Macro Photo Tips With Pocket Camera

Belfot have several times discussed tips macro photos using DSLR cameras (here and here), but if you do not have a DSLR camera do not get discouraged. Pocket camera is also able to produce macro (close – up).
Although the results will not be as powerful if used DSLR camera plus a macro lens (remember the 1:1 ratio?), You can still shoot and produce beautiful macro photos using only a pocket camera. You can see the photos in this article, all produced with a pocket camera.
Want to know the tips of her? please:
Use the Macro Mode

Select this mode if you want to maximize the macro feature that has been set by the manufacturer of compact cameras. Macro mode is usually symbolized by a flower icon on your camera. If you choose this mode, you tell the camera that you want to take a closer focusing distance than usual (closest focus distance is usually different from one camera to another camera). Macro mode means the camera will choose a large aperture so that the object in focus will be sharp while the background slightly blurred.
Use a Tripod

Even if you only use a pocket camera, a tripod is helpful sharpness of your macro photos. In addition to reducing camera shake, tripod also assist you in building the composition and angle of shooting more okay.
Aperture Setting
If you pocket camera has a feature to change the aperture setting when in macro mode, experiment with changing the aperture – f / x. Select the number x which is great if you want a broad focus areas (all seem focused), or select a smaller x if you just want to focus on a narrow field (so that the area outside of the focal point was blurred). Begin from the number of safe, try using f / 4 or f/5.6 for starters.

If the camera is possible, use manual focus setting, so you are more free to determine at which point you want to consider as the focal point. Usually in macro mode, manual focus setting will be much easier to do than the auto. For example when photographing flowers, we will be able to ascertain the focal point falls on the flower petals and stems.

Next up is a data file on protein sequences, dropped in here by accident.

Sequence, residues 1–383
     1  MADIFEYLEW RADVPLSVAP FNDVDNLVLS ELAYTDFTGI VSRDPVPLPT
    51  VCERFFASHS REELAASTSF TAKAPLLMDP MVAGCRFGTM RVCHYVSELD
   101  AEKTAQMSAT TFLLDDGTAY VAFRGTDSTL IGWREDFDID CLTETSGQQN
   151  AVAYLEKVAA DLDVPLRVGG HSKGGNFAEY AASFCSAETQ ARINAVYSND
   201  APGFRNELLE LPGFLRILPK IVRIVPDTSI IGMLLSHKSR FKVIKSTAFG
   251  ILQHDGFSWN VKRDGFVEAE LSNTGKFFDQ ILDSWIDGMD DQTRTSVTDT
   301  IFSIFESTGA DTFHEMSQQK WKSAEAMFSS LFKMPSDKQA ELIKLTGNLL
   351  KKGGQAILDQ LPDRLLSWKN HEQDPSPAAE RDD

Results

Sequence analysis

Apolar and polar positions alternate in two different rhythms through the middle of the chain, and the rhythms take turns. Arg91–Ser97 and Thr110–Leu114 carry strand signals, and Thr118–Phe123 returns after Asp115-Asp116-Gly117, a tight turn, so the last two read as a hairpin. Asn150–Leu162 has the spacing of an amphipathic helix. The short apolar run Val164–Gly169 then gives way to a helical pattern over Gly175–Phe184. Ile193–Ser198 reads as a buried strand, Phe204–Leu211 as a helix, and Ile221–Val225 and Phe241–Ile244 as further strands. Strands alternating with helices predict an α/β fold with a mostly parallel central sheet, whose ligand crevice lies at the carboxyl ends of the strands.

Read more tips about composition or at least know about the rules of third theory. Use a simple background and not too busy so that the final image will be more delicious.

Using the flash on the camera pocket it will produce images that are not too good. Turn off the flash and use indirect sunlight, such as the light from a window or when cloudy. Direct sunlight will be too hard for your camera. You can also use a simple reflector eg white paper, Styrofoam or aluminum foil to illuminate objects that are too dark.
Use Timer Camera

Make the timer is in your pocket camera so the resulting image is much sharper. When the finger pressed the shutter button on the camera, the camera shake will make your photo is not sharp, for that timer will be very useful because we can activate the camera without pressing the shutter button. You need a tripod to be more comfortable in using the timer.